The ute's large cargo area is an advantage. It's surprisingly spacious for a car the size of a regular Commodore.
When we were tidying up the shed, this was a helpful tool. My ute was chosen over my dad's pickup because its tub was more spacious than the tray. Because of its length and increased height, you could put more in it before having to secure it with straps.
A further benefit of a Ute is that operating one is similar to operating a car. The ute is not obscenely large, and it is powered by a respectable engine (a 3.8-liter V6, in my case; 5.7-liter V8s were also available). As an added bonus, their gearing is quite good. This means that you can ease up to the speed limit without having to use all five gears. Helps simplify things a little bit. If I had to choose between driving a car or a ute in rush-hour traffic, I'd always opt for the ute.
In my mind, "Medium Duty" refers to pickup trucks like the Holden Colorado, Toyota Hilux, and Ford Ranger. The standard single cab configurations have a payload of 1 tonne and a flat tray. It also means you can put a new kind of content on them. The vast majority of the time, these are seen being used as work vehicles. They come equipped with toolboxes or are stocked with everything needed to complete the task. Most of them also have four-wheel drive, so you can pack them up and take them camping. I used my Rodeo to accomplish this.
I like to use the term "Heavy Duty" to describe vehicles like the Nissan Patrols and Toyota Land Cruisers because they are so much sturdier.
Difference #1: Country of mass popularity
I'm going to assume that you're all familiar with the following:
In Australia, utes are ubiquitous.
In the United States, pickup trucks are ubiquitous.
In a letter to Henry Ford dated 1932, an Australian farmer's wife pleaded, "Give us a car big enough to take our pigs to market on Mondays and take us to church on Sundays." Ford designer Lew Bandt devised a solution he called "coupé utility" to this problem. They based it off of their original, successful Model A. Henry Ford dubbed them "Cangaroo Chasers" because of their success Down Under.
However, pickup developed in a slightly different fashion. Galion Allsteel began producing Model T hauling boxes in 1913, which could be attached to the vehicle's rear axle. Dodge produced a 3/4 tonne pickup in 1924 with an all-wooden body, proving that brand rivalry had not died out even then. Soon after, in 1931, Chevrolet debuted its first production pickup. Business was booming.
We must admit that this is a sizable oversimplification. There are always outliers.
Difference #2: Base of the vehicle and interior space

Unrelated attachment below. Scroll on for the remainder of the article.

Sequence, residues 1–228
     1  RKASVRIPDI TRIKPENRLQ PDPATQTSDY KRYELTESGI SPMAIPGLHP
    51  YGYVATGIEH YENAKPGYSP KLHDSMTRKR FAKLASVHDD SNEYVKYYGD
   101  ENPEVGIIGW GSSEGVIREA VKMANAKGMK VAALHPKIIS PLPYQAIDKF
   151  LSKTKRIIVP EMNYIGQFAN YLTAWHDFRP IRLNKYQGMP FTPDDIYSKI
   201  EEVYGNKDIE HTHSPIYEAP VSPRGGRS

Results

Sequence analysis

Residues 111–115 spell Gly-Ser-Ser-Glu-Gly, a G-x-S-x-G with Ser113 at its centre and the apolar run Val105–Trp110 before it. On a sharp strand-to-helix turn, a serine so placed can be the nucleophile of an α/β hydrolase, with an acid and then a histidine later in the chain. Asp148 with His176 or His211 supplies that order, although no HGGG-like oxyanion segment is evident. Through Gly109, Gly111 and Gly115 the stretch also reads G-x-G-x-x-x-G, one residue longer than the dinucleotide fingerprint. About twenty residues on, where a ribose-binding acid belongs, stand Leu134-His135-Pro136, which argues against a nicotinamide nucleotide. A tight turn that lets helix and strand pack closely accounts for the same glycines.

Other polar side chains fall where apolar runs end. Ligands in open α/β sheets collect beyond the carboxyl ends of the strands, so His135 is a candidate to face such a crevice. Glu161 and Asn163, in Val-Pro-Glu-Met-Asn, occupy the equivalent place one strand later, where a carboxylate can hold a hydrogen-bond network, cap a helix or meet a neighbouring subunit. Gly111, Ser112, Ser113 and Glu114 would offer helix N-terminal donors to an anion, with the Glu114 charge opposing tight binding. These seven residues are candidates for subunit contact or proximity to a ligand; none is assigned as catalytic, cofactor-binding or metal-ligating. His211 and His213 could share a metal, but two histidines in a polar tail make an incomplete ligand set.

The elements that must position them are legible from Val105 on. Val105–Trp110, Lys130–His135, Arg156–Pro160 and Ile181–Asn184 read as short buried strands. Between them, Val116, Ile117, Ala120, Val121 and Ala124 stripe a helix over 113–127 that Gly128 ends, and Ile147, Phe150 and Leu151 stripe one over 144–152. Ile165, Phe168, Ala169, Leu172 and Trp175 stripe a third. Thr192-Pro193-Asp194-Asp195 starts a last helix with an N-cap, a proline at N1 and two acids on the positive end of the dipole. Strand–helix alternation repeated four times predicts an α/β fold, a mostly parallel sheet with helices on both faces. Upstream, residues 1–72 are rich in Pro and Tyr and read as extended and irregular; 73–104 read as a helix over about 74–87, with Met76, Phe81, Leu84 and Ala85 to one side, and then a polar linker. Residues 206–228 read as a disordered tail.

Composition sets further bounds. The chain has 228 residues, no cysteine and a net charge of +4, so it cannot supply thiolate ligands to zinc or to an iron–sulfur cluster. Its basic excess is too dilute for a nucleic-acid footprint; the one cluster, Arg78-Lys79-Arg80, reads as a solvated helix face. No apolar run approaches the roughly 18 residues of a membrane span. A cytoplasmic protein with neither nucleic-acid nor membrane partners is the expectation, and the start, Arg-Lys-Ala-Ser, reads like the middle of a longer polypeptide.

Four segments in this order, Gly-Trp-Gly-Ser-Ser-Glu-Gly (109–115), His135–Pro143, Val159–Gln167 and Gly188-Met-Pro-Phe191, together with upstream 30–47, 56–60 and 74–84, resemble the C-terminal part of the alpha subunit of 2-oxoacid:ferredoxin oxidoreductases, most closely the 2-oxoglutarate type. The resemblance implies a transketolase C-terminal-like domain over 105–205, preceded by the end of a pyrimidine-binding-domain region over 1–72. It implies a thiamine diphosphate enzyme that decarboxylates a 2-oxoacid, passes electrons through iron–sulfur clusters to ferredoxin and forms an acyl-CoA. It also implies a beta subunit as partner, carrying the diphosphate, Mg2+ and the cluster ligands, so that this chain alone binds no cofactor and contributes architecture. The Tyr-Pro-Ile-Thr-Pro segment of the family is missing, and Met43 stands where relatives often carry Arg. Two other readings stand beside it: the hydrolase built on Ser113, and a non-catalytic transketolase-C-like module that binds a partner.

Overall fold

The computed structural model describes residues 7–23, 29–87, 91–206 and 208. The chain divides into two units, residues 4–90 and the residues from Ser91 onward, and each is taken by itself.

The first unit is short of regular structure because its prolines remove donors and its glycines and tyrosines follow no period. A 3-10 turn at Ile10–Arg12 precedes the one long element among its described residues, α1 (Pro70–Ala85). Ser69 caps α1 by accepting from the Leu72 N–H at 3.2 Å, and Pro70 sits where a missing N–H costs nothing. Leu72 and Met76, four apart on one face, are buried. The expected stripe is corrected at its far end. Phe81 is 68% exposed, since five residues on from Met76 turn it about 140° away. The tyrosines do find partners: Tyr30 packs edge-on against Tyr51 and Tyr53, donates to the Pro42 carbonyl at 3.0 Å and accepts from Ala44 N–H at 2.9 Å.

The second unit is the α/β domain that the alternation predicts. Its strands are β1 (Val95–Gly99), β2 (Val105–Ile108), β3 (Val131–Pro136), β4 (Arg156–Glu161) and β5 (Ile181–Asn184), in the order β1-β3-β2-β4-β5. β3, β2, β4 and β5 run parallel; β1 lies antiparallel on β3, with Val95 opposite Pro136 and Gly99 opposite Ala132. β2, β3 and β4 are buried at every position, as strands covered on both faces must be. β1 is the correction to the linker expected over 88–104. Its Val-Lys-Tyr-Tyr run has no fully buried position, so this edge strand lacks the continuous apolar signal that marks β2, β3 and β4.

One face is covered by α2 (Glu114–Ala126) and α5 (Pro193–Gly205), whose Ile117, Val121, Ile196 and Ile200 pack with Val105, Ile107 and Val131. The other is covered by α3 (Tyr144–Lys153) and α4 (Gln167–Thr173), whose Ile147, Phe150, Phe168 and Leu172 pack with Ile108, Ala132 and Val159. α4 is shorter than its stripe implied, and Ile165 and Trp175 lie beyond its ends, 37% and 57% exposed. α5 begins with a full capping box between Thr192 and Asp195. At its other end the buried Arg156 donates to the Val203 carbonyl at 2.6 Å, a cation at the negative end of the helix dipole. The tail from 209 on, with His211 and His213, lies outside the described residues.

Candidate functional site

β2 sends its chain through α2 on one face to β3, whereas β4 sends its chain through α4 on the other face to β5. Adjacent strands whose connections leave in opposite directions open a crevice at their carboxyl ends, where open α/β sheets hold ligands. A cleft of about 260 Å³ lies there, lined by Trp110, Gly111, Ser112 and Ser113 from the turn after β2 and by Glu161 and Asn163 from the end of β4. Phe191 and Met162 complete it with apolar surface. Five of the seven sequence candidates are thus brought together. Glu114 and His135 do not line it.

Pickups are modelled after trucks and thus have larger cabins.
Utes are automobile derivatives, so they have smaller trunks.
There's really no need to overcomplicate this.
The chassis for a ute, or utility coupe, is a car.
The vehicle's passenger compartment and cargo area are joined into a single unit. It's because the original function of the ute was to transport both people and goods for farmers. However, a significant amount of storage space was sacrificed in its creation because it was created by cutting off the back of a car's roof and welding a panel to border the passenger compartment. Not much can be stored in the back of the seats. If it starts raining, that could be an issue, but I seriously doubt that this is a common problem for Australians.
Conversely, pickups consist of two distinct parts—the cab and the cargo bed—mounted on a sturdy chassis that was originally developed for trucks. Among all of these useful features, interior room is the most pressing right now. Even in the smallest cab, there is enough space behind the seats to stow a medium-sized bag. Never mind the insane double-cabs that hide a huge trunk behind the rear seats. If the need arises, the cab size can be increased by simply taking the two pieces apart. When you need to pick up a girl on the way home and transport a cow in the back, this is a great tool to have.
Difference #3: Size and Load Capacity. Therefore, Purpose
Generally speaking, utes can only carry a fraction of what larger trucks can. You can fit anyone in them because they are universally sized.
Standard pickups are larger and can carry more cargo. Quite a few distinct varieties exist.
In the same way that most other ute features are derived from automobiles, so is this one.
Aside from the height, its overall dimensions are identical to those of the original car.
The chassis is sturdy enough to carry light to moderate loads, but it can't hold a candle to the pickup's frame. But it serves its purpose well enough, transporting items that are too big for a car but not quite so big that a truck needs to be rented or purchased.
Utes can have a few different layouts, but they all adhere to the same basic structure: two passenger seats up front and a small cargo bed in the back.
Pickup trucks, as opposed to utes, are designed to haul more weight. Although their chassis isn't designed for it, they can be used to haul heavier items, the kind for which one would typically rent a truck. Pickups can range from the traditional, smaller models to the contemporary, fifth-wheel-equipped models that can tow enormous trailers. Additionally, there are single cabs, double cabs, and super cabs... It's possible to imagine a world with no limits.
And there you have it! The distinctions between utes and pickup trucks are thus summed up. There are, of course, other distinctions, such as those involving the drivetrain, engine, and transmission. However, variations in models may exist.
Even so, in any case, we can all see how previously misunderstood differences exist between two seemingly similar vehicle types.